Have you ever tasted these famous tropical fruits from Thailand: rambutan, mangosteen, or longkong? These fruits have unique shapes and flavors and are packed with abundant vitamins. They are a main source of income for local fruit farmers in Nakhon Si Thammarat, a southern province of Thailand, where Walailak University is located. Each day, during their seasons, thousands of tons of these fruits in the province are exported to fruit lovers worldwide, especially in the US, China, and European countries.
Although these fruits have a unique and marvelous taste, they have a short shelf life. Their skins quickly turn brown, even during the exporting process and before reaching supermarkets. As a result, their market value decreases while the interior flesh remains fresh and retains its delicious flavor. Let's take rambutan (Nephelium lappaceum) as an example: this fruit, with its hairy exterior, conceals luscious white flesh that encloses a seed. After the post-harvest stage within 7-10 days, rambutan naturally undergoes enzymatic browning due to the induction of Polyphenol oxidase (PPO) activity, resulting in the formation of undesirable brown pigmentation on the peel.
In an effort to mitigate enzymatic activity and delay the browning process, a novel technique utilizing Cardamom oil vapor has been investigated. This technique offers a cost-effective approach to reducing browning in a diverse range of tropical fruits. Importantly, its implementation facilitates the extension of transportation duration, thereby enabling the exportation of local fruit produce to foreign markets. Furthermore, this innovative method serves to enhance market competitiveness, as it has been observed that the treated rambutans not only retain their characteristic red color but also maintain sensory attributes, notably an extended duration of tactile sensation.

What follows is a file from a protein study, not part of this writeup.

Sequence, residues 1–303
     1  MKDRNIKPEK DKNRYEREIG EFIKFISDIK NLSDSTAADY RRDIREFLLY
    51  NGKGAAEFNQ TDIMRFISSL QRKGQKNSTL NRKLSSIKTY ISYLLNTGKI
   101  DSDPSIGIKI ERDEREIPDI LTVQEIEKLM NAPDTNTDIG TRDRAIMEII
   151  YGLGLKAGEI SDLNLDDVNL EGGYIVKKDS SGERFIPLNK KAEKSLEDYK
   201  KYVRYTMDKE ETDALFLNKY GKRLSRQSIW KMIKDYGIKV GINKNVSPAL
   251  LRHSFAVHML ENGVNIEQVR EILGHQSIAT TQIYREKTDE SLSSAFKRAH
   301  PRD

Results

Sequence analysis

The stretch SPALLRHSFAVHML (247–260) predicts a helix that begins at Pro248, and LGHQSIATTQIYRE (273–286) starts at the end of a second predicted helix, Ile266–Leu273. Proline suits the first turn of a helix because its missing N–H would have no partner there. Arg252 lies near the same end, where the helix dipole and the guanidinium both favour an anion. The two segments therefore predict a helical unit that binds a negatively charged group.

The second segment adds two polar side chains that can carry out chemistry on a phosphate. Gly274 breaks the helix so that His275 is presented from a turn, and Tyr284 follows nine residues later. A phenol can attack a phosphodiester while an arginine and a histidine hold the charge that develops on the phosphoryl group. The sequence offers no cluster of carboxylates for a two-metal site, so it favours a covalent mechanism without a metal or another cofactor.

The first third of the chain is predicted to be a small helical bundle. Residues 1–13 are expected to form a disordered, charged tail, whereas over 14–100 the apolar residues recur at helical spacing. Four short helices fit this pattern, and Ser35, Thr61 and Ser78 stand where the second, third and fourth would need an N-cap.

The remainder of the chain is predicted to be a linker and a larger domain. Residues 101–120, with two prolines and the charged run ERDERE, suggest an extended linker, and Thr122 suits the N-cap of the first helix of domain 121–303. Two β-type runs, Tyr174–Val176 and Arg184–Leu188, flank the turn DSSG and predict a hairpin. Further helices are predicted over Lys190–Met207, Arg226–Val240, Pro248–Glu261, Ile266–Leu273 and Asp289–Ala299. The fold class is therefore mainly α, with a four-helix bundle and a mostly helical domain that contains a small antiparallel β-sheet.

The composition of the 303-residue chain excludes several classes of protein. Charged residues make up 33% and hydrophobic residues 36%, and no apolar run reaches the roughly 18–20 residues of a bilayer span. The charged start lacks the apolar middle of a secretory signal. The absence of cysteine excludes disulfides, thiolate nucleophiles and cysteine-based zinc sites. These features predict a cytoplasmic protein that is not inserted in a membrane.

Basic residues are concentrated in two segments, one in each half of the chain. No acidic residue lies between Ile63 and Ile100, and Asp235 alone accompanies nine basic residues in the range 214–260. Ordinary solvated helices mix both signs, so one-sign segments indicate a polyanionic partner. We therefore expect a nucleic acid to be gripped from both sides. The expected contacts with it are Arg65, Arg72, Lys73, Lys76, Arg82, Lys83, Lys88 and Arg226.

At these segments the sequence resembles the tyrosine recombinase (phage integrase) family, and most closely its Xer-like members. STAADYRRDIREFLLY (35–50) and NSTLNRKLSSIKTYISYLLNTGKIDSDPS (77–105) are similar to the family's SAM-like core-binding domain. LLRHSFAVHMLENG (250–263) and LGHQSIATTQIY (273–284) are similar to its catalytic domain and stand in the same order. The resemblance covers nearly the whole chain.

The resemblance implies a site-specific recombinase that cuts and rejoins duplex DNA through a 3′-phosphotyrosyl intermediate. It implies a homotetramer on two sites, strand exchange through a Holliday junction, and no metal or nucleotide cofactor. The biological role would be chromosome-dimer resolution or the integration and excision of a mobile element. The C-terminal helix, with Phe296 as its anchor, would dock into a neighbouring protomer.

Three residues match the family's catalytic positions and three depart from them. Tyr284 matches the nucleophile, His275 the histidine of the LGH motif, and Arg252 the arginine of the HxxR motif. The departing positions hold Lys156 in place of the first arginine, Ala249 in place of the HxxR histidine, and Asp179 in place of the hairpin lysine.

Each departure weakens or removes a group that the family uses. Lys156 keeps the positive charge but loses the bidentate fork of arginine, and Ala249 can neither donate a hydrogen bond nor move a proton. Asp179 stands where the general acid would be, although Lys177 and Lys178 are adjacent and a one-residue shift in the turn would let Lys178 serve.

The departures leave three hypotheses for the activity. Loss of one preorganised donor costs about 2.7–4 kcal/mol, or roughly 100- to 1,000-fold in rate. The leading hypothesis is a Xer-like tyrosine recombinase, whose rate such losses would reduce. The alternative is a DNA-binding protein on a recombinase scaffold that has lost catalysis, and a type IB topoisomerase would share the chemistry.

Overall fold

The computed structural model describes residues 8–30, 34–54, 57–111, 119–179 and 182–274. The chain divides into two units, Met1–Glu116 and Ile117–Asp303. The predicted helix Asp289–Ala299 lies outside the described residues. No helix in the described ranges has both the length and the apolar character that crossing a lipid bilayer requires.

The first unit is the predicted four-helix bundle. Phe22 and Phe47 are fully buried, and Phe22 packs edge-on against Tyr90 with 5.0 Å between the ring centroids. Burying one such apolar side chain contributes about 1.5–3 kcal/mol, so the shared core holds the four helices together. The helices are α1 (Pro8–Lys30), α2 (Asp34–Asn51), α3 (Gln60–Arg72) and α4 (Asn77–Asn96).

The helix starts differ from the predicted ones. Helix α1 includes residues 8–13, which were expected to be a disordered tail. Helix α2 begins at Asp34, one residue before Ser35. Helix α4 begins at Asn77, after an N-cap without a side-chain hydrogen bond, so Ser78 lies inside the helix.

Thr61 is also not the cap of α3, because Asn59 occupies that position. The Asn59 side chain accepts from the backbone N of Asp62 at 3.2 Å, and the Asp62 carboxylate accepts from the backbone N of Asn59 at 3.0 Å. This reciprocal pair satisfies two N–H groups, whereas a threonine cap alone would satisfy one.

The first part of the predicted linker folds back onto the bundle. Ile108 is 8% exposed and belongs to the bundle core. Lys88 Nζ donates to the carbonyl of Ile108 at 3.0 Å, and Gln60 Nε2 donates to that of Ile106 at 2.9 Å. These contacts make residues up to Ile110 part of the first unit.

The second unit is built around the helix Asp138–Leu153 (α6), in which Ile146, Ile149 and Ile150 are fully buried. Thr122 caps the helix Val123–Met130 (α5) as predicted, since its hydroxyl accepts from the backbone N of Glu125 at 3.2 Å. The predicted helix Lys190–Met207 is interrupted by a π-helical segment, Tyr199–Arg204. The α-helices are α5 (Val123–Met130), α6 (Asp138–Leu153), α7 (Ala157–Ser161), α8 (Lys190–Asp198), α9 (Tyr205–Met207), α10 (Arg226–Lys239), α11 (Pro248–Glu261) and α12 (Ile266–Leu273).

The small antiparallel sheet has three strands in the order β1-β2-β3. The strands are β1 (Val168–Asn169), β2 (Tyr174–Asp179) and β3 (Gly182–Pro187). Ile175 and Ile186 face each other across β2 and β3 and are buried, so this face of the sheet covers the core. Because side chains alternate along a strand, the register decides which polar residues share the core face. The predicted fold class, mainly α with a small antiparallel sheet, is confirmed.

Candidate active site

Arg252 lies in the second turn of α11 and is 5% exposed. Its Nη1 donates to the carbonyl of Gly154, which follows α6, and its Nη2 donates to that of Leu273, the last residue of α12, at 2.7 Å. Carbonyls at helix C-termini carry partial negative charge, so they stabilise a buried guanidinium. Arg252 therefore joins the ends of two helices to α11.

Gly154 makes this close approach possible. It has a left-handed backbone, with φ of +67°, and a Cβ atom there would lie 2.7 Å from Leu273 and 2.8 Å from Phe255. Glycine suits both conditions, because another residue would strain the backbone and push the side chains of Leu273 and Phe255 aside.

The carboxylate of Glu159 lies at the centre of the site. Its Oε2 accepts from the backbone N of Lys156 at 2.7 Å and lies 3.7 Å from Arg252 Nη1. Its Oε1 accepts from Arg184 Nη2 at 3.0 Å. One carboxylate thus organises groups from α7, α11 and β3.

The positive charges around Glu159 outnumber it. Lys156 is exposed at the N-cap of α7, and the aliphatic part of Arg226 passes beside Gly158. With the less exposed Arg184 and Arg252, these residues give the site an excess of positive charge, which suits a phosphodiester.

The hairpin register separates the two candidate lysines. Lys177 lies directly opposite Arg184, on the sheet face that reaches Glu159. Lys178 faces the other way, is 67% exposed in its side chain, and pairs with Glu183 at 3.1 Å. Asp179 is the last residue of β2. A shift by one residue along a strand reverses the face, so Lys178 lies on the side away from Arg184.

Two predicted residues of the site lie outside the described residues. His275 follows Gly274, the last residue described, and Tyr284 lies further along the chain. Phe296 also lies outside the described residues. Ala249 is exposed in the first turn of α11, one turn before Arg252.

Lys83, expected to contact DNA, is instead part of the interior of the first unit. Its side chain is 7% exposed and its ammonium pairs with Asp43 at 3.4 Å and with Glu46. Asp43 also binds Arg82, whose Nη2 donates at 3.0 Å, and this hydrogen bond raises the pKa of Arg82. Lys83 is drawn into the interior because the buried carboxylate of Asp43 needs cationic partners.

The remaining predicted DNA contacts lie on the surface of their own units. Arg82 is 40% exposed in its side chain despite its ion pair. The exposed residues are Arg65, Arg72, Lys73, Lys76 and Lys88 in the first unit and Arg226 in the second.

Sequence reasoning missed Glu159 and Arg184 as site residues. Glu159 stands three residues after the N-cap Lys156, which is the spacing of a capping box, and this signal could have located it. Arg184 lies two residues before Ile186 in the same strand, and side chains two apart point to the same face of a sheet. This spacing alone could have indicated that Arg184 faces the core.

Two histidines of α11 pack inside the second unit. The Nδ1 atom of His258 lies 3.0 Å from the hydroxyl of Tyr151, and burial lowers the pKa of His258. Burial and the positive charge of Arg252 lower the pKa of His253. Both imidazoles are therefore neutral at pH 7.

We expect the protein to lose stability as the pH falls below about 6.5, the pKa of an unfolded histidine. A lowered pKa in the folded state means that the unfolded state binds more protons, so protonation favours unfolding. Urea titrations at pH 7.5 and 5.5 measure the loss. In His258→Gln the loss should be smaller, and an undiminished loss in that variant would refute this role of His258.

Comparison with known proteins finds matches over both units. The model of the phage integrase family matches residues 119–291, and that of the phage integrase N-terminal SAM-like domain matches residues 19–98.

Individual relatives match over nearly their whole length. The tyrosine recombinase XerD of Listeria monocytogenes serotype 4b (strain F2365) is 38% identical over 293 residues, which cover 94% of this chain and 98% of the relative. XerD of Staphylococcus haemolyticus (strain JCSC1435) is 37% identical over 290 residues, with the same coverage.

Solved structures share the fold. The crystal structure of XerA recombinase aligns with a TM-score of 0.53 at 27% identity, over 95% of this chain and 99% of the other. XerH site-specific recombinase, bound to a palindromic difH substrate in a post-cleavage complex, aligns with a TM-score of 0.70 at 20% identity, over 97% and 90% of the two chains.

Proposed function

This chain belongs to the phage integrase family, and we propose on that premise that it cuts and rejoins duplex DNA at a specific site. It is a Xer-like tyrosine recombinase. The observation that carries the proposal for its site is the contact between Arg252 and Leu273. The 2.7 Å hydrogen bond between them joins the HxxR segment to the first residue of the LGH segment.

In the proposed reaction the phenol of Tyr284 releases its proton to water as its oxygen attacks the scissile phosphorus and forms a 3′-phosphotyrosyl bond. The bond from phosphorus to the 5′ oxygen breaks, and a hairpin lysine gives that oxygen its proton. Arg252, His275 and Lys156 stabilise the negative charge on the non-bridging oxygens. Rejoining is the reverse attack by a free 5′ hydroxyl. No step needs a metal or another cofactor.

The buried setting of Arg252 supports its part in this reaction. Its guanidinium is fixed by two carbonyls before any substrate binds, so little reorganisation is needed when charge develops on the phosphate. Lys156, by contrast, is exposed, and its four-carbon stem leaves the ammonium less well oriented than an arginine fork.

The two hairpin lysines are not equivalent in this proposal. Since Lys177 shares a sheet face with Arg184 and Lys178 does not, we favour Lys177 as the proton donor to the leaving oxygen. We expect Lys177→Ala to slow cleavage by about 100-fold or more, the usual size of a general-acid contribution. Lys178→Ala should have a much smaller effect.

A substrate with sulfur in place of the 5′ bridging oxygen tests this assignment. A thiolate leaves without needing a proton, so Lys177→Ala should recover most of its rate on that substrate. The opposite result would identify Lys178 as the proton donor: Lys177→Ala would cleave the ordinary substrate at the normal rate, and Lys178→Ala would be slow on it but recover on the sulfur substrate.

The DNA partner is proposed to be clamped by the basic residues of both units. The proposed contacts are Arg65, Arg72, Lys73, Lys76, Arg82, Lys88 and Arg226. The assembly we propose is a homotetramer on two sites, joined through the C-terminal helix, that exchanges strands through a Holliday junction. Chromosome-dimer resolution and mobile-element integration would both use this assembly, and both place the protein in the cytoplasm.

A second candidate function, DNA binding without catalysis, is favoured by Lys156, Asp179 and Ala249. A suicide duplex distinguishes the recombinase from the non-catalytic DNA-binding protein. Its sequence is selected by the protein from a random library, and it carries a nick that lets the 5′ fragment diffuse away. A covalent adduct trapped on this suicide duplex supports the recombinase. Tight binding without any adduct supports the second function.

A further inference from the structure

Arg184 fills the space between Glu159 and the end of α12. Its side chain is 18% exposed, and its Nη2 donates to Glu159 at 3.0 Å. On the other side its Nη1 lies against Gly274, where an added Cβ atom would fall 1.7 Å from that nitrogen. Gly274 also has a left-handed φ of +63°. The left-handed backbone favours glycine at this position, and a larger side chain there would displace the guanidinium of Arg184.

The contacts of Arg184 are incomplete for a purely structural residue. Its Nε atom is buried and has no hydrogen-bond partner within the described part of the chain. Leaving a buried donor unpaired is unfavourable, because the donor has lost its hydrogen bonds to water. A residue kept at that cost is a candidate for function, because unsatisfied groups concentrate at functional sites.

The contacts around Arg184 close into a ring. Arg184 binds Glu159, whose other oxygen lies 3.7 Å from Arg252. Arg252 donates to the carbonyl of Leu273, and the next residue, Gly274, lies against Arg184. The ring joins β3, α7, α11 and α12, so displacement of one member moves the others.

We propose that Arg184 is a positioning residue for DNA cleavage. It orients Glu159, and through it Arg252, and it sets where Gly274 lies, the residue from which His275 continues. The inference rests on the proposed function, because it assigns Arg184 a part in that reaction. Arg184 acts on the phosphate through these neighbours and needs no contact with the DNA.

“Situated in the province of Nakhon Si Thammarat, Walailak University finds itself amidst a cornucopia of tropical fruits. This propitious location has sparked our research initiatives, aligning with the institution's commitment to community service and agricultural advancement. With a dual purpose in mind, our endeavors not only cater to academic pursuits but also strive to augment the market worth of our luscious fruits, especially during pivotal seasons when extending the post-harvest storage of fruits is crucial.” said Associate Professor Dr. Narumol Matan, a lecturer from the School of Agricultural Technology and Food Industry, and the director of Research Center of Excellence in Innovation of Essential Oil at Walailak University.
This technique, developed by Dr. Narumol and her Ph.D. student in Agro-Industry and Biotechnology, Ms. Pailin Chaidech, at the College of Graduate Studies, effectively slows down the browning process, extending it from 7-10 days to up to 21 days. Not only does it leave the fruit with no harmful residue, but it also provides a longer time for the fruit to reach the shelves fresh and helps improve the fruit grade and price, which benefits both consumers and farmers.
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Pailin Chaidech, Narumol Matan. 2023. Relatively low concentration of cardamon oil vapour for controlling enzymatic browning and maintaining the quality of rambutans. LWT, 182, 114832. (Q1) https://doi.org/10.1016/j.lwt.2023.114832
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Photos by Associate Professor Dr. Narumol Matan
Banner by Bunpoht Baimiden, article by Settaboot Onphakdee, Division of Corporate Communication